BELGIAN INSTITUTE OF SPACE AERONOMY (BIRA-IASB) (BE)
Glyoxal is the most abundant dicarbonyl present in our atmosphere and is directly emitted from biomass burning and also results from the oxidation of precursor non-methane volatile organic compounds (NMVOC). It is currently estimated that about 70% of its production originate from natural sources and fires, while the remaining 30% come from human activities. With a short lifetime (~3 hours), elevated glyoxal concentrations are observed near emission sources. Measurements of atmospheric glyoxal concentrations therefore provide quantitative information on VOC emission and can help to better assess the quality of current inventories. In addition, glyoxal is also known to contribute significantly to the total budget of secondary organic aerosols, which impact both air quality and climate forcing.
The GLYRETRO (GLYoxal Retrievals from TROPOMI) activity is one of the seven themes from the ESA S5p innovation (S5p+I) project, which aims at further exploiting the capability of the S5p/TROPOMI instrument with the development of a number of new scientific products.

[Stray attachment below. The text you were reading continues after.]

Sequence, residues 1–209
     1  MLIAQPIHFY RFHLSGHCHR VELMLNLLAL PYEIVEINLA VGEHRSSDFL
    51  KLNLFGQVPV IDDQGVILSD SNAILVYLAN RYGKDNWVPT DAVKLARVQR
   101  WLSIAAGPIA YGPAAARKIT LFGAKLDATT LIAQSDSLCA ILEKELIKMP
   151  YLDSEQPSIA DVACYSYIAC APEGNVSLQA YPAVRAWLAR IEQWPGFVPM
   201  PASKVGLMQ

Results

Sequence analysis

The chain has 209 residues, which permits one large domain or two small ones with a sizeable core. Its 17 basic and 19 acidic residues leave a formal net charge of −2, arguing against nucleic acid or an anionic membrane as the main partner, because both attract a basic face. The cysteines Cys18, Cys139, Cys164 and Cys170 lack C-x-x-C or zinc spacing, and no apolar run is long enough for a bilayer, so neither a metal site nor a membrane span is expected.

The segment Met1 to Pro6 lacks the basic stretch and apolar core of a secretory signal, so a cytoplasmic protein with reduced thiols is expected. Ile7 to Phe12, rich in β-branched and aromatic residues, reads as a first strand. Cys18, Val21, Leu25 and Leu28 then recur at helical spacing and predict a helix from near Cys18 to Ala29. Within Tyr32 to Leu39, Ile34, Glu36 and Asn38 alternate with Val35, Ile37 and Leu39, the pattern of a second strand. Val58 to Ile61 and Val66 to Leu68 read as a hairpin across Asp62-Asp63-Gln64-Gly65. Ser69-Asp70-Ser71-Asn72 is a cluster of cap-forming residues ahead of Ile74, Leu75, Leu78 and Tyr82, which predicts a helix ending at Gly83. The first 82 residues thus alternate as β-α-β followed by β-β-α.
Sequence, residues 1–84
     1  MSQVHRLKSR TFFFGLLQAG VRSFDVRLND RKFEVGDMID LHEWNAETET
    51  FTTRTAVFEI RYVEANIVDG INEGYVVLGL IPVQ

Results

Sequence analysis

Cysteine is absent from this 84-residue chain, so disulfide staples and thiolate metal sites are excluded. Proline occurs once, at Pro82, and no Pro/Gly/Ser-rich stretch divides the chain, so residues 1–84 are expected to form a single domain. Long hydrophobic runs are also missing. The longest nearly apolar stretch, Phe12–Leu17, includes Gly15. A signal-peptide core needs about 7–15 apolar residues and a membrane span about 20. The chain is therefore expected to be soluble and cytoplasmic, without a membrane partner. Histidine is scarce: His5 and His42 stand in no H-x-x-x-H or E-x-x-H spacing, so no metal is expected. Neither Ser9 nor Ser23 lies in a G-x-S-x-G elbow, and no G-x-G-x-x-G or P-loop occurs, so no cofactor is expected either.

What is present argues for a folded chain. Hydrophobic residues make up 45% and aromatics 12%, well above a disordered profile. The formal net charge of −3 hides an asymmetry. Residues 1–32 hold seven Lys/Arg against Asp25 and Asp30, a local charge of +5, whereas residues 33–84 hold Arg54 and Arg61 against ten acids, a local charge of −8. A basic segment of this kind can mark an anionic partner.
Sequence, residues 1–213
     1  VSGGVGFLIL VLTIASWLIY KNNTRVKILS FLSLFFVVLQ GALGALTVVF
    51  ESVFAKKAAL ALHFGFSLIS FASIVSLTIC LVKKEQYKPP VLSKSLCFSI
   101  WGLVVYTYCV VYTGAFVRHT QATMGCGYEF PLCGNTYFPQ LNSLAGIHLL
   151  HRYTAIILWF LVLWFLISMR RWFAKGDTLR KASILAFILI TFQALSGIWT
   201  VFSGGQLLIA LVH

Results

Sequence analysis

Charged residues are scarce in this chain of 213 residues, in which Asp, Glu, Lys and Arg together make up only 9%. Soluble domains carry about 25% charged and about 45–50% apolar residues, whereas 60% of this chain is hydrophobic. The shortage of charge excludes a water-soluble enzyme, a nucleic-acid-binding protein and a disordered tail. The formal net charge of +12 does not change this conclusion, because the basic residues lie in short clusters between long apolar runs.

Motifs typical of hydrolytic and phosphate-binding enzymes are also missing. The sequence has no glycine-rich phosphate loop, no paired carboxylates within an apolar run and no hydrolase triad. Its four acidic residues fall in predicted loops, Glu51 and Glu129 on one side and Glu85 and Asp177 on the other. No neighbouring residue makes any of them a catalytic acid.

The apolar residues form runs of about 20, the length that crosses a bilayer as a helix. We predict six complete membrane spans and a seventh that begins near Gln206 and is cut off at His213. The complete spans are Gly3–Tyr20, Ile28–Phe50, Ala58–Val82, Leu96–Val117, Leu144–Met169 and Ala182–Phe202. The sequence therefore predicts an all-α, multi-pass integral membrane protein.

The GLYRETRO project, proposed by both the Royal Belgian Institute for Space Aeronomy and the Institute of Environmental Physics at the University of Bremen, has been successfully kicked-off on July, 1st 2019 and will last two years. The objectives are manifold and can be listed as
For more information on the project, contact Christophe Lerot (christophe.lerot at aeronomie.be).
Atmospheric Chemistry and Physics (2022)
Atmospheric Measurement Techniques (2021)
Elementa: Science of the Anthropocene (2021)
Journal of Geophysical Research: Atmospheres (2021)
Research Outreach (2021)
Geophysical Research Letters (2020)